Commemorative coins launched for 200th anniversary of the Greek Revolution

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The commemorative coins celebrating 200 years since the start of the Greek revolution were officially launched on Friday afternoon at the Cathedral of the Annunciation in Sydney.

The official opening of the collection of coins was announced by the Consul General of Greece in Sydney, Mr. Christos Karras, who was the keynote speaker at the special event.

“The Greek-Australian community’s successful integration into Australian society has contributed greatly to shaping Australia’s multicultural character and to the further strengthening of cordial relations between Greece and Australia,” the Consul General said.

Photo: The Greek Herald

“As we commemorate our 200th anniversary, we also celebrate the warm friendship between Greece and Australia, we celebrate our common values that bind us as faithful friends, we celebrate the great contributions that Greek-Australians have made to multicultural Australian society.”

“To honour this landmark bicentenary, the national committee of the Greek Orthodox Archdiocese of Australia for the celebration of the 200th Anniversary, has been coordinating more than 250 nation-wide activities throughout the year.”

“As part of these celebrations, 1,821 silver coins and 1,821 bronze coins have been issued and are being presented for the first time today. It is my great honour and pleasure to take part in the official launch of these commemorative coins.”

Photo: The Greek Herald

The coins pay tribute to the clergy and monks who helped preserve the Greek letters in the first centuries of Turkish rule.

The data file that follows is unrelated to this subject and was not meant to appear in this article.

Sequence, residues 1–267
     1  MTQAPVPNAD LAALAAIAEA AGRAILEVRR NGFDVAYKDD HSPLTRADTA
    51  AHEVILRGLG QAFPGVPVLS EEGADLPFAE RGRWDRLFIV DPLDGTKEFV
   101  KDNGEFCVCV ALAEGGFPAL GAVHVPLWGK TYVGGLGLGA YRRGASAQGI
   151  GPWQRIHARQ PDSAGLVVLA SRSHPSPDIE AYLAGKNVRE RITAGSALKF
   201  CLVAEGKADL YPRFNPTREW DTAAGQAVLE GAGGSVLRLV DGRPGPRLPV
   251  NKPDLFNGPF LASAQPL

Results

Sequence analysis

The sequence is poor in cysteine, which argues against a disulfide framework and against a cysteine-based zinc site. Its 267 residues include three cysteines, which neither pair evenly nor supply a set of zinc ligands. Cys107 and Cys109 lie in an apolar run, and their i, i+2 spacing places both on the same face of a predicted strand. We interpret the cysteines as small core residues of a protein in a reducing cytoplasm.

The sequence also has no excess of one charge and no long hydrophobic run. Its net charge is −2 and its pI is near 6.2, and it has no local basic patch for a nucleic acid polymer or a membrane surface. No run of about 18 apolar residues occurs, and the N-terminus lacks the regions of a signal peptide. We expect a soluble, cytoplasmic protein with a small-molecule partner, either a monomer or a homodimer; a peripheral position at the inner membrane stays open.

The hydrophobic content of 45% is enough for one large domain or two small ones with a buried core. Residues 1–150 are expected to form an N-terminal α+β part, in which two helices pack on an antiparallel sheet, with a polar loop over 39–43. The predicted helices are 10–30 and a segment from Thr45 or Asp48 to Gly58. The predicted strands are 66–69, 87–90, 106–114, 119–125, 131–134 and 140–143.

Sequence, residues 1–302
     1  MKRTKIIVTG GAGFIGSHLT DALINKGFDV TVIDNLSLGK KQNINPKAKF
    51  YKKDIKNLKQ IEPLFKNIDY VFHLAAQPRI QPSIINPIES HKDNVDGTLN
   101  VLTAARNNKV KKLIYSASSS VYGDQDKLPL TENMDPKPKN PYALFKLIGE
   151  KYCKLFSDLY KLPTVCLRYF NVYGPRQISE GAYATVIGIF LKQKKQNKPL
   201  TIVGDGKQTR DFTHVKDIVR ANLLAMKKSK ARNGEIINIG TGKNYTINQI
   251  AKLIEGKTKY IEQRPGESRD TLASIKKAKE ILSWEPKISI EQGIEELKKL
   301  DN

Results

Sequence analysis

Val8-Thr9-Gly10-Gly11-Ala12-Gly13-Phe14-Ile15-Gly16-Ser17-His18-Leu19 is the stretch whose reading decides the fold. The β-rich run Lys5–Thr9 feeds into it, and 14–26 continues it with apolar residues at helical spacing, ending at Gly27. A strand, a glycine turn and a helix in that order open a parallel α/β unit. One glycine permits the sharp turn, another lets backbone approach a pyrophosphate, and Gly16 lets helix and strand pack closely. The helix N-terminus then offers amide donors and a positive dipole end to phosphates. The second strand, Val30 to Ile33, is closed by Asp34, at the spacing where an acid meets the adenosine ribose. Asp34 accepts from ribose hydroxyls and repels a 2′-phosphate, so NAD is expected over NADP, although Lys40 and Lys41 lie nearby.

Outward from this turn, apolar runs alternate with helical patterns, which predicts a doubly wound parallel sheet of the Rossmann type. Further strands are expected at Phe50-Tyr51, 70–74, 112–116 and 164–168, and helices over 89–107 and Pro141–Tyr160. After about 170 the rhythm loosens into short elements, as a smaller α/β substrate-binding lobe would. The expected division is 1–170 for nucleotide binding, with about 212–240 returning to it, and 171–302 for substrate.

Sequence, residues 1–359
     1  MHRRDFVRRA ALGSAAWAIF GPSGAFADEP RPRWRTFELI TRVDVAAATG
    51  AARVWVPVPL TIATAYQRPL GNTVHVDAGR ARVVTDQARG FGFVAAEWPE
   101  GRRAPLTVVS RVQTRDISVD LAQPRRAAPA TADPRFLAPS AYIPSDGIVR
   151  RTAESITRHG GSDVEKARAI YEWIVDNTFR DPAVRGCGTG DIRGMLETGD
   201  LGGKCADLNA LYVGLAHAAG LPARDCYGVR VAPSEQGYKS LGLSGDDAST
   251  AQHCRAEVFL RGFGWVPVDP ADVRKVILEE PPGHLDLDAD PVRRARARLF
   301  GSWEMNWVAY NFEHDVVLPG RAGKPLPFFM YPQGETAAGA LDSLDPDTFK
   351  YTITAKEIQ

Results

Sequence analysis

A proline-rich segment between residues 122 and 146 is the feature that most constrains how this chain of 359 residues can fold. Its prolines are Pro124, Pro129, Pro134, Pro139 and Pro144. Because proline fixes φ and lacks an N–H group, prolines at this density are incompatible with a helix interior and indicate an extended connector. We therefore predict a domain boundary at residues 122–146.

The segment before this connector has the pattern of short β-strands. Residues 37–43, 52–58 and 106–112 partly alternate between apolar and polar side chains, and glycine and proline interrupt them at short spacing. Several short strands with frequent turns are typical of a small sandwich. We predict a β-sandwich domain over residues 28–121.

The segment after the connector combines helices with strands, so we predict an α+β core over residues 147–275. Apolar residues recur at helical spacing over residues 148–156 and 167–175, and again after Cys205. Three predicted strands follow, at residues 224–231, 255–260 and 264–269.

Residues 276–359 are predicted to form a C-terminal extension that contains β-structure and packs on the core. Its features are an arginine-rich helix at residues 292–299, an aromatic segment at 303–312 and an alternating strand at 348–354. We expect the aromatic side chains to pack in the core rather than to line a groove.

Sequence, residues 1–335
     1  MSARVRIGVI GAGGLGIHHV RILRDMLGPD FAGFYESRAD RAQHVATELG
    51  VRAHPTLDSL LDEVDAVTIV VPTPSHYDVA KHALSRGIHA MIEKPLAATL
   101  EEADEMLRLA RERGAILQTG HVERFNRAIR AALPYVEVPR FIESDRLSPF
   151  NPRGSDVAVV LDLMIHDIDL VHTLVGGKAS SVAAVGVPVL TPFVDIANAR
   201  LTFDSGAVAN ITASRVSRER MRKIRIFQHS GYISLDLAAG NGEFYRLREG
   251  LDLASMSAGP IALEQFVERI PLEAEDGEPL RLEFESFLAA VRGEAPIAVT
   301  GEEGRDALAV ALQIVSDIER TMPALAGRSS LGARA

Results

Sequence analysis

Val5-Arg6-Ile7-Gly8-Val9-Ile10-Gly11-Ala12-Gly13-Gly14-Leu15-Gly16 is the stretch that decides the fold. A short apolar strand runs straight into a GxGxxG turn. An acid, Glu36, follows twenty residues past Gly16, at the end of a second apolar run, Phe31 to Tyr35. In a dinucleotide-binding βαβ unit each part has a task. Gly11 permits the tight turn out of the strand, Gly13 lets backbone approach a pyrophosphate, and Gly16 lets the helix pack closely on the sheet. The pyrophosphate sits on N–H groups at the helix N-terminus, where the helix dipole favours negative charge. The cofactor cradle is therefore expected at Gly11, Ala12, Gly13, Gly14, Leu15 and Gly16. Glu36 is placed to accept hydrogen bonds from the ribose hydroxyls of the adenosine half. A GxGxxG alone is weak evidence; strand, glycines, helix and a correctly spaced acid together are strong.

The front of each coin depicts the secret school, as well as the phrase “For Faith and Homeland”, in Greek and English. On the back is the anniversary emblem of the Holy Archdiocese, with the flags of Greece and Australia.

Archbishop Makarios focused on the characteristics of the coins in his speech, making special mention of the secret school and emphasising that its foundation was the hierarchical conscience of the clergy and monks.

“If it were not for the poor and insignificant priests of the villages and cities, if there were no monasteries and abbotts, there would be no Greek letters today”, he noted.

Archbishop Makarios thanked all special dignitaries who were able to attend the event, including Bishop Emilianos of Meloa, the Archepisocpal Vicar of Canberra and Tasmania, Archimandrite Prochoros Anastasiadis, and the President of the Greek Orthodox Community Canberra John Loukadellis.

Attendees at the event also had the opportunity to purchase collectible coins, which will now be available from the bookstores of the Holy Archdiocese.

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